Gastro-oesophageal reflux disease (GORD) is a condition in which gastric contents flow in a retrograde direction across the gastroesophageal junction into the oesophagus causing symptoms and oesophageal inflammation. GORD is common in pregnant women as a result of the relaxation of the lower oesophageal sphincter caused by increased circulating sex hormones, particularly progesterone (Richter 2005, Marrero et al. 1992). It is estimated to occur in up to 80% of pregnancies and becomes more common and severe with increasing gestation (Bassey 1977, Marrero et al. 1992, Malfertheiner et al. 2012). Risk factors for GORD in pregnancy are increasing gestational age, pre-existing GORD prior to pregnancy, increasing parity and maternal age. Symptoms usually improve within 1-4 weeks postpartum (Marrero et al. 1992).
Heartburn and regurgitation are the main presenting symptoms of GORD in pregnancy (Marrero et al. 1992, Richter 2005). These symptoms are characteristically worse after meals and in the supine position, particularly when recumbent during sleep.
Studies in which oesophageal manometry was performed during pregnancy have shown the presence of a hypotonic lower oesophageal sphincter in women during pregnancy, more common in those with heartburn symptoms (Nagler & Spiro 1961). The lower oesophageal sphincter pressure was found to reduce progressively as the gestational age increased with return to normal postpartum (Nagler & Spiro 1961, Lind et al. 1968). Even in those women with a normal resting lower oesophageal sphincter pressure measured with manometry in early pregnancy, challenge with methacholine produced less increase in pressure than in non-pregnant individuals suggestive of impaired function of the sphincter (Fisher et al. 1978)
It is thought that this reduced lower oesophageal pressure, secondary to the effects of sex hormones, in combination with increased intraabdominal pressure leads to the high incidence of GORD during pregnancy (Lind et al. 1968).
The diagnosis of GORD in pregnancy is a clinical one. A history of any heartburn or acid regurgitation known to have a high specificity but low sensitivity for diagnosis (Klauser et al. 1990). The presence of substernal burning after meals or in supine position has a 90% sensitivity and specificity for the diagnosis (Klauser et al. 1990). Rarely, if complications of GORD are suspected, a gastroscopy may be indicated although the procedural risk and risk of the anaesthetic must be balanced with the potential benefit in the individual woman.
GORD and Asthma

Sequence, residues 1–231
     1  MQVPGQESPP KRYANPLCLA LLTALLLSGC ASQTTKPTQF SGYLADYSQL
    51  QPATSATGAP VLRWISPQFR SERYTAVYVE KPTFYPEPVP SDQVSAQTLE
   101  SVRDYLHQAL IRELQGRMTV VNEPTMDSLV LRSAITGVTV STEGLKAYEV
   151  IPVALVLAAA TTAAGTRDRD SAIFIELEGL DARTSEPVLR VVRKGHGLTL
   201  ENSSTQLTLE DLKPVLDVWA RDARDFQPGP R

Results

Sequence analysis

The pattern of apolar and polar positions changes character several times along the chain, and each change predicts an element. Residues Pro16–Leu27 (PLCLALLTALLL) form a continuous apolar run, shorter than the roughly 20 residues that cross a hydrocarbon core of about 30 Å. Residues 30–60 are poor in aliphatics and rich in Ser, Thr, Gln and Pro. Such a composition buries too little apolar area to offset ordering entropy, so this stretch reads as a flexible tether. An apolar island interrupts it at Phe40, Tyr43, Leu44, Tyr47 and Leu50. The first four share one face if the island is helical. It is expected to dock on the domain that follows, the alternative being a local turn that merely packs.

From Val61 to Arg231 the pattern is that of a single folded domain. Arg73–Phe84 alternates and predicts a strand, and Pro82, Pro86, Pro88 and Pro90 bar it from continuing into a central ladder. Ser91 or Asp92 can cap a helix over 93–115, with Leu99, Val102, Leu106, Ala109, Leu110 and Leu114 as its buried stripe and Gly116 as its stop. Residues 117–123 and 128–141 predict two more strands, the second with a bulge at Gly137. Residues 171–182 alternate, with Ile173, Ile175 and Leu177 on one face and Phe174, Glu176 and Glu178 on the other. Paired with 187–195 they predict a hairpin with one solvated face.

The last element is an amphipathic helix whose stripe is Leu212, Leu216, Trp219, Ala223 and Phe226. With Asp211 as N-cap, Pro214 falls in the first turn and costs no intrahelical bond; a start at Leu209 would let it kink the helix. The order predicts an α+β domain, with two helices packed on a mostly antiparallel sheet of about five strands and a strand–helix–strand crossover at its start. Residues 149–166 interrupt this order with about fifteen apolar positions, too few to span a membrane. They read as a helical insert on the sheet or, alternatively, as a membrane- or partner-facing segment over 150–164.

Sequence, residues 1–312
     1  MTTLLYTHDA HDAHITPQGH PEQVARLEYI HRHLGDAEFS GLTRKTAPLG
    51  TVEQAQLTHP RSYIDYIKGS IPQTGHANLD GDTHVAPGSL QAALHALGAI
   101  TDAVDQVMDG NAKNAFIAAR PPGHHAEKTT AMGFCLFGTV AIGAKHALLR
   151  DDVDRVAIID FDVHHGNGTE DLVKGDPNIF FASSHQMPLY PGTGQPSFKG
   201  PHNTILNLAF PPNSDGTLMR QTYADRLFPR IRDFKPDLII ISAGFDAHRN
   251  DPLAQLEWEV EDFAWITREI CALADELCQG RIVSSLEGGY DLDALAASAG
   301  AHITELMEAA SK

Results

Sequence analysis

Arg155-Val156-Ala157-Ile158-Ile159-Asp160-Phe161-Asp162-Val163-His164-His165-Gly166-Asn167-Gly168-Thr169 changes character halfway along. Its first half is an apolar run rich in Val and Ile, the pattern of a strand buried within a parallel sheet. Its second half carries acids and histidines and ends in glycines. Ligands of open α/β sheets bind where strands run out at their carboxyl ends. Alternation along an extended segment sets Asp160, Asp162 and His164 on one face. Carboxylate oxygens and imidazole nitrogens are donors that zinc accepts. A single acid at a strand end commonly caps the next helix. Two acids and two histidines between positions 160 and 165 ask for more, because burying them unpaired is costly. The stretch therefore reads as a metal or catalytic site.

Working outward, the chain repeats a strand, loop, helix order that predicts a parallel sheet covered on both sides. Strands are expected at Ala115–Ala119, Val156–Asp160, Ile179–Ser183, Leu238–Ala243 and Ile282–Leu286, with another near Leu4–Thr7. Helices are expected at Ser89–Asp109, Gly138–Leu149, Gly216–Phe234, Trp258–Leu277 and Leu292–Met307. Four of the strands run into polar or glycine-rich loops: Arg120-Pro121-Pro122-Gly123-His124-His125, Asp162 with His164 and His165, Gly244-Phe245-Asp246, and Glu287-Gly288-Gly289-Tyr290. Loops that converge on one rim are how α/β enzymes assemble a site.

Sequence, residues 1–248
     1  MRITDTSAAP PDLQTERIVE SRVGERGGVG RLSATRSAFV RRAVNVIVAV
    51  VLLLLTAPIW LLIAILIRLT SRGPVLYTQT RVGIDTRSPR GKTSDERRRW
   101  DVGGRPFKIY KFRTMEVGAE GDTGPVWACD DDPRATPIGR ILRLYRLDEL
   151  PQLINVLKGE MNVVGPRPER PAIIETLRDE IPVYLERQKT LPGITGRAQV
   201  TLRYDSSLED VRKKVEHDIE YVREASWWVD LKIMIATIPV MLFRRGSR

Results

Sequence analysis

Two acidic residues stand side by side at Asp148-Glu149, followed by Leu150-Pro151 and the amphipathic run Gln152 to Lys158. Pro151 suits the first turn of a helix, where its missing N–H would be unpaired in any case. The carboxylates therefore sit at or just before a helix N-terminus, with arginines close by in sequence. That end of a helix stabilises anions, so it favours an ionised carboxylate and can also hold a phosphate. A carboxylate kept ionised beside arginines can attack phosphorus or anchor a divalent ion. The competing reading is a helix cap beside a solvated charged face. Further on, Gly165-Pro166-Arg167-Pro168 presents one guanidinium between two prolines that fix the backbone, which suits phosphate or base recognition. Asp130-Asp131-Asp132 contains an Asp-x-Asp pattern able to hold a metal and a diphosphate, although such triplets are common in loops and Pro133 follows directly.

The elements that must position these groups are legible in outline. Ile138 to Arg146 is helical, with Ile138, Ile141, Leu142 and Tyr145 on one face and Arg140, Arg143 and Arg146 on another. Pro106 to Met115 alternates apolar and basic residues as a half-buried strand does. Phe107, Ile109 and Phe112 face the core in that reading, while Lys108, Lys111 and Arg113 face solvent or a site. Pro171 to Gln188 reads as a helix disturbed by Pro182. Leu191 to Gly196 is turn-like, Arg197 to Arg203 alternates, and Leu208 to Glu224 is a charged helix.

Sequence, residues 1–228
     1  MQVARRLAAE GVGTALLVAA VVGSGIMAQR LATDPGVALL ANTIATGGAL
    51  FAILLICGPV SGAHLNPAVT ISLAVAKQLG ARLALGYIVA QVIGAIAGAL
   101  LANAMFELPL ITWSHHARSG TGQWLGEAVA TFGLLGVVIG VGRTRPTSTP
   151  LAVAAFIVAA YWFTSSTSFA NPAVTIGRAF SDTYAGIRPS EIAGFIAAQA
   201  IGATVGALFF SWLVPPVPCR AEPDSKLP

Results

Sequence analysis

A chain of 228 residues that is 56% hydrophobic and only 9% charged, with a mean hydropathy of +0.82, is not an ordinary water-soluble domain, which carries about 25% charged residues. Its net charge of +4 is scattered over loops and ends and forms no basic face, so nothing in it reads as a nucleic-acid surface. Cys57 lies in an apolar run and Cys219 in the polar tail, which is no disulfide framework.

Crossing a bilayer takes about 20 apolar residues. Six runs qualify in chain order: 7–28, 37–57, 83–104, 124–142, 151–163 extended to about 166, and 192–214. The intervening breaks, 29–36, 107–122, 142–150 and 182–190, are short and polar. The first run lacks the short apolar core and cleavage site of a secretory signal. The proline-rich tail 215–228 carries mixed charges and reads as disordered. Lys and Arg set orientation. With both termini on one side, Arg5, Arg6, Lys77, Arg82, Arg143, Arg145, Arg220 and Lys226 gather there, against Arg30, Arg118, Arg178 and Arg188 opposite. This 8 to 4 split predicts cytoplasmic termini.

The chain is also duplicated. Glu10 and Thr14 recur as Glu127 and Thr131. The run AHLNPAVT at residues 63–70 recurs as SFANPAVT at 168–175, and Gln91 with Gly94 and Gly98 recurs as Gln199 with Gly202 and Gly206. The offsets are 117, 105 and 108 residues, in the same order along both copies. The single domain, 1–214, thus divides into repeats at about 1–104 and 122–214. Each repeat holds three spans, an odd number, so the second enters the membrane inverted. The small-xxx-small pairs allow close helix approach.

GORD is estimated to effect 39-89% of women with asthma (Harding & Richter 1997, Campo et al. 1997). In a large case-control study of veterans the diagnosis of oesophagitis or oesophageal stricture (conditions associated with the presence of GORD) was associated with a higher likelihood of having asthma compared to those who did not have oesophageal disease (el-Serag and Sonnenberg 1997). The presence of GORD in those with asthma is associated with asthma symptoms and increased reliever use.
Treatment for GORD with proton pump inhibitors (PPI) in pregnant women with asthma with the goal of improved asthma status remains controversial. Systematic review of treatment for GORD in adults and children with asthma found a possible benefit in asthma exacerbation frequency in those undergoing medical treatment for GORD but the quality of evidence was low (Kopsaftis et al. 2021). It also found that treatment for GORD resulted in a small improvement in FEV1 and rescue medication use for asthma symptoms. The effect on asthma symptoms, quality of life and morning peak flow were uncertain (Kopsaftis et al. 2021). Another systematic review found a small but significant difference in morning peak expiratory flow in asthma patients treated with PPI compared to placebo but no significant difference in asthma symptoms, health-related quality of life or FEV1 (Chan et al. 2011).
Effect of GORD on asthma in pregnancy
There are little data specifically examining the effect of GORD on asthma status in pregnant women. It is known that GORD in individuals with asthma negatively impacts asthma status with regards to asthma control and reliever use. GORD occurs commonly in pregnancy and it is likely that the presence of GORD impacts asthma status in pregnancy in a similar fashion to non-pregnant women. Bidad et al. found that although GORD was not more common in pregnant women with asthma compared to those without, it was significantly more severe (Bidad et al. 2011). Thus, particularly in those with uncontrolled asthma in pregnancy, diagnosis of GORD should be sought and, if present, symptom severity assessed.
Treatment of GORD in pregnancy
No study has specifically examined the effect of treatment for GORD on asthma outcomes in pregnancy. When considering treatment of GORD in pregnancy the potential harms of therapy must be weighed up against the severity of symptoms. Lifestyle and dietary modifications are generally first line including avoiding large meals, particularly at night, raising the head of the bed, and avoiding provoking foods such as spicy foods. If the symptoms do not respond to these measures, then anti-reflux medications may be considered under the guidance of the supervising medical practitioner. Antacid medications are generally first line therapy for pregnant women with significant GORD symptoms.
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The effect of treatment of GORD on asthma is not studied.